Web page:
restr !t ring the paragraph. 261 Sentence 7ariet. is important in keeping the readers3 minds a!tive in a s bliminal #ay. 'he boredom bro ght on by fa lty rhythm !a ses their minds to #ander and important story information is easily lost. -f yo feel yo m st #rite t#o !ompo nd senten!es" one dire!tly follo#ing another" ho# abo t making the one follo#ing those long ones short and important? ,erhaps yo 3ve #ritten t#o short senten!es in a ro#" and yo don3t #ant to speed p the pa!ing by doing so. -f the ne9t t#o senten!es have !onne!tive ideas" #hy not !ombine them as independent !la ses of one !ompo nd senten!e? )tarting fo r o t of five senten!es #ith the same #ord or phrase is also a problem and adds to reader boredom" as does starting ea!h paragraph in that manner. *ary senten!es by sing !hara!ter introspe!tion" internali/ation and dis!overy. 0 t be !aref l of sing too many introd !tory parti!ipial phrases" espe!ially ina!! rate in!inite-ver& p#rases #hi!h depi!t t#o sim ltaneo s a!tions that !annot or are not intended to happen at the same time" e.g. Walking to the window, she opened it# (nless she had very long arms" yo r !hara!ter probably didn3t open the #indo# #hile #alking to it. 0etter stated% She walked to the window and opened it# 281 Am&i uous P#rases+ 'he follo#ing are some ambig o s phrases and s ggestions on ho# to make them !learer. Consider these s ggestions !aref lly nless" of !o rse" yo 3re #riting h mor% Aer eyes dropped to the floor. Ais eyes fle# a!ross the room. Ais eyes darted bet#een them. Aer eyes !aressed him. ) ggestion% se ga$e instead of eyes. )he turned into a drive#ay. ) ggestion% se pulled instead of turned. )he #alked thro gh the door. ) ggestion% se doorway instead of door.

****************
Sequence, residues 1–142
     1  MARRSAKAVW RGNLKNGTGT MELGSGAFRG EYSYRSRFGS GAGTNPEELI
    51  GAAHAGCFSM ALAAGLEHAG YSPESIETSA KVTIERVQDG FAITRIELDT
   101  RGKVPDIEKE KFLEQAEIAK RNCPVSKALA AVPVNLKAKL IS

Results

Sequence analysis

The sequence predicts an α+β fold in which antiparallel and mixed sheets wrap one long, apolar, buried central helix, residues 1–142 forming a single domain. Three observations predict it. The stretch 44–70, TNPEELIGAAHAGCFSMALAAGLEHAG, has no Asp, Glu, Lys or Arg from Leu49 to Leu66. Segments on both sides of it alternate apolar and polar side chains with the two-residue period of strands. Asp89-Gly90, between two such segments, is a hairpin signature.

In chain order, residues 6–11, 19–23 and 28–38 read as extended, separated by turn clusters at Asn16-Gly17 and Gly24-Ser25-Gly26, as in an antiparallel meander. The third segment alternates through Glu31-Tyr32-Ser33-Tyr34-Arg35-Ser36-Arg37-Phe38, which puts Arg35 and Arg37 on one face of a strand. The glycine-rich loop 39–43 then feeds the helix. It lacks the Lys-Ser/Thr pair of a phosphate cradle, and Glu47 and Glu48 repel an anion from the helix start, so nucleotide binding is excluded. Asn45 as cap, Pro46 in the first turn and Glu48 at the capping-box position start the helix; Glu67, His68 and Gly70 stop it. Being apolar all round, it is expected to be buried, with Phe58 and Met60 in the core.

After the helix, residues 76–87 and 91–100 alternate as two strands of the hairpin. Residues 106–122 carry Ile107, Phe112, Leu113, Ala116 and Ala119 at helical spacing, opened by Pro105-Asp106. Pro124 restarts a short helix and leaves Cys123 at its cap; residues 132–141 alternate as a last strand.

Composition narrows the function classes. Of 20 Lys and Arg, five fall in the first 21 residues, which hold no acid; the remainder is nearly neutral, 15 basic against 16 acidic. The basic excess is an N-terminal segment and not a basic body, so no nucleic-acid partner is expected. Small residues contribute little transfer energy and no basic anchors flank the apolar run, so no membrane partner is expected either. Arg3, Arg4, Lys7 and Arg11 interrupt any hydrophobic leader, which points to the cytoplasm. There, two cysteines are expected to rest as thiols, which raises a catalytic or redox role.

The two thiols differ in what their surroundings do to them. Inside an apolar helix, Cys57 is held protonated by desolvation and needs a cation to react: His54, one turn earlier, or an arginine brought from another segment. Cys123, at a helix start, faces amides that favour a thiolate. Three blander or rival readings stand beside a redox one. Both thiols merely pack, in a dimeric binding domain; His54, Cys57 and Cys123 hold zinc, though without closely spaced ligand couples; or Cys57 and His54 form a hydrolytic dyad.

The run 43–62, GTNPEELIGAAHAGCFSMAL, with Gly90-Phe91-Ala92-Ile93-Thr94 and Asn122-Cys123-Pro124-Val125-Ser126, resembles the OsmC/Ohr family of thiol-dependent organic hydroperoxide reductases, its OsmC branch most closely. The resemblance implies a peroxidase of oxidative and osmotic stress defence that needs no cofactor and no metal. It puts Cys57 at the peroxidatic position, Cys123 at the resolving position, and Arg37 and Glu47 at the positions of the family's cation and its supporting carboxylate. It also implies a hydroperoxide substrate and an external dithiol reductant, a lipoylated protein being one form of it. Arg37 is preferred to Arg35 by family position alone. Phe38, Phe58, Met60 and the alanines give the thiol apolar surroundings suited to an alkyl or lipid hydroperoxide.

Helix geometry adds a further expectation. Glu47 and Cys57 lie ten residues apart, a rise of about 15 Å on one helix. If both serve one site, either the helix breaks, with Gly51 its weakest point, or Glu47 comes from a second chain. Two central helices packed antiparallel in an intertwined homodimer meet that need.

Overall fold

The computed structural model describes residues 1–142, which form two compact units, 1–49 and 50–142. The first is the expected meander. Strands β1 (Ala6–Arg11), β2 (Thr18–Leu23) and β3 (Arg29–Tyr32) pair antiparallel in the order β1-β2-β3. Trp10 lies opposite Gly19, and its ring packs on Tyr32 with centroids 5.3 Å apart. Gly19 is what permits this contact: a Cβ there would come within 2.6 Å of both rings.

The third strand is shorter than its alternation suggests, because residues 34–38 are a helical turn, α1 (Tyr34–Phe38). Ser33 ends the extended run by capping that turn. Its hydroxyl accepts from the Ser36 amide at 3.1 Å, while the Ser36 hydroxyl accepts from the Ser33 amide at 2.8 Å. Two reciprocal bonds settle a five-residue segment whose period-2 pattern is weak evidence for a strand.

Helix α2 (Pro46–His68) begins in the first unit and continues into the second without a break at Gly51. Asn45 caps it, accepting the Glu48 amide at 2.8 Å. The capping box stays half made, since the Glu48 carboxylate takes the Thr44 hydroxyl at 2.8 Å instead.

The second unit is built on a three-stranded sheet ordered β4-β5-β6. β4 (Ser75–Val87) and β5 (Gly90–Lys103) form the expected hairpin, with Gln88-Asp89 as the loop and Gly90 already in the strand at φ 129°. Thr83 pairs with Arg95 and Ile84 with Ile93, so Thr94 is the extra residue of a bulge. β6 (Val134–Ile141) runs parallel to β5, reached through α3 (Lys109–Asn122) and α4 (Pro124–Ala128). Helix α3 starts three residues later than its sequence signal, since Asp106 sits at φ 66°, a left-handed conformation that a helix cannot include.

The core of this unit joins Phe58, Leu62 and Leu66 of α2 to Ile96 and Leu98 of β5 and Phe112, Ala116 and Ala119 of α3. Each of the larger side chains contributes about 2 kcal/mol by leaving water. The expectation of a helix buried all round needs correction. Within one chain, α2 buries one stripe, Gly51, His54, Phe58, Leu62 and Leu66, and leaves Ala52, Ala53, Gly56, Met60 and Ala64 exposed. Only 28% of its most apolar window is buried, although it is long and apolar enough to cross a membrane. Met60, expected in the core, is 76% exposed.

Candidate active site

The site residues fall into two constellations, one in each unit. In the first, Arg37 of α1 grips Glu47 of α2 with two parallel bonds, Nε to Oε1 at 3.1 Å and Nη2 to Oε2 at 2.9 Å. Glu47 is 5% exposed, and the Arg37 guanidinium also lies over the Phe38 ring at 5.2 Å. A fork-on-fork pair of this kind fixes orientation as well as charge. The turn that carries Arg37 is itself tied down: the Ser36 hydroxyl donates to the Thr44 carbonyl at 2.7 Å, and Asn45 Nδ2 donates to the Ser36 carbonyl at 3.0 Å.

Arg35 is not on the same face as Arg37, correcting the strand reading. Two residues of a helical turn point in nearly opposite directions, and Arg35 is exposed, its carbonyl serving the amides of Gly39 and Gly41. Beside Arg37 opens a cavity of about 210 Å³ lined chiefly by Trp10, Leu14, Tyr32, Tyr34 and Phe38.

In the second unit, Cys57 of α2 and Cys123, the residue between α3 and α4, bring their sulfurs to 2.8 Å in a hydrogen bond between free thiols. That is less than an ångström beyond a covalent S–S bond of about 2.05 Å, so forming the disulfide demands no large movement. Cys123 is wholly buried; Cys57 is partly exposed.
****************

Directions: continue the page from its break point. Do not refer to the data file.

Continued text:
Ae got off the phone# ) ggestion% say hung up# )he thought of %ohn, long and hard# ) ggestion% say she agoni$ed over what to do about %ohn# Ae kne# things !o ld get sticky in a relationship like this. ) ggestion% say complicated instead# 291 (iction !an be problemati!" espe!ially for a!ademi!s and s!ientists or for #riters trying to so nd like them. -n fi!tion" a good r le of th mb is to #rite no higher than an eighth to tenth grade level and #ith a more informal" !onversational tone. 5levated #riting" prose #ritten above this level" might appear pretentio s. 'he reader !o ld gro# tired of being distra!ted from yo r story in order to look p meanings of terms yo 3ve sed. c1 :ord *#oices are e9tremely important. Hften" people from different religions" ra!es" pbringings or parts of the !o ntry #ill have different !onnotations for many of the same #ords. 'ake !are in ens ring yo r #ord !hoi!es are not abstra!t" generi!" sed for an obs! re meaning of the #ord or even ar!hai!. 2/1 )one Settin #ords are very effe!tive tools for the #riter. Ao#ever" #hen sed nintentionally" they !an !reate 4 ite the opposite effe!t #ith the reader. -f yo des!ribe a !hara!ter #ho loves his home and !hildhood" as being raised in the bowels of the Appala!hian 2o ntains" yo r reader might not nderstand that this !hara!ter is pro d of his home and has !herished memories of his boyhood. Ao# abo t making his pbringing be in the heart of the Appala!hians #here the s mmer valleys are pl sh and green and the !lear mo ntain streams are alive #ith tro t? 'hese tone;setting #ords are espe!ially sef l in !onveying the intended mood of the story. 'hey help !hara!teri/e the ,H* !hara!ter thro gh interesting internali/ation and introspe!tion by the #ay she !onsiders and relates to the #orld aro nd her. 251 A&stract and Stock vs+ Speci!ic and *oncrete )erms+ 'he se of speci!icit.